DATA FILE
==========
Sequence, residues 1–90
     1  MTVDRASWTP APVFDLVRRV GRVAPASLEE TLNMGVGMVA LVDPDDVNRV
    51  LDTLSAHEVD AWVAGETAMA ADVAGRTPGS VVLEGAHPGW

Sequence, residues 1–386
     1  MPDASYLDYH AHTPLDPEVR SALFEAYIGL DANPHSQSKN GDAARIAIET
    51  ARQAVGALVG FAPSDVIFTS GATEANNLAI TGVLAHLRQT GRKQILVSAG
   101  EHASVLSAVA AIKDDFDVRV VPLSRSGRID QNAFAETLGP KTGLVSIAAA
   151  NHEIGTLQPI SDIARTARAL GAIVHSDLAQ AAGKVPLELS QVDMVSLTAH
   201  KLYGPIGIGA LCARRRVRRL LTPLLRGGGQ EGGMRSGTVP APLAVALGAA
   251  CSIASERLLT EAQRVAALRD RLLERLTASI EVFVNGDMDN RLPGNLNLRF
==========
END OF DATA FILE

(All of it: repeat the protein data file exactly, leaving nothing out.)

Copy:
Sequence, residues 1–90
     1  MTVDRASWTP APVFDLVRRV GRVAPASLEE TLNMGVGMVA LVDPDDVNRV
    51  LDTLSAHEVD AWVAGETAMA ADVAGRTPGS VVLEGAHPGW

Sequence, residues 1–386
     1  MPDASYLDYH AHTPLDPEVR SALFEAYIGL DANPHSQSKN GDAARIAIET
    51  ARQAVGALVG FAPSDVIFTS GATEANNLAI TGVLAHLRQT GRKQILVSAG
   101  EHASVLSAVA AIKDDFDVRV VPLSRSGRID QNAFAETLGP KTGLVSIAAA
   151  NHEIGTLQPI SDIARTARAL GAIVHSDLAQ AAGKVPLELS QVDMVSLTAH
   201  KLYGPIGIGA LCARRRVRRL LTPLLRGGGQ EGGMRSGTVP APLAVALGAA
   251  CSIASERLLT EAQRVAALRD RLLERLTASI EVFVNGDMDN RLPGNLNLRF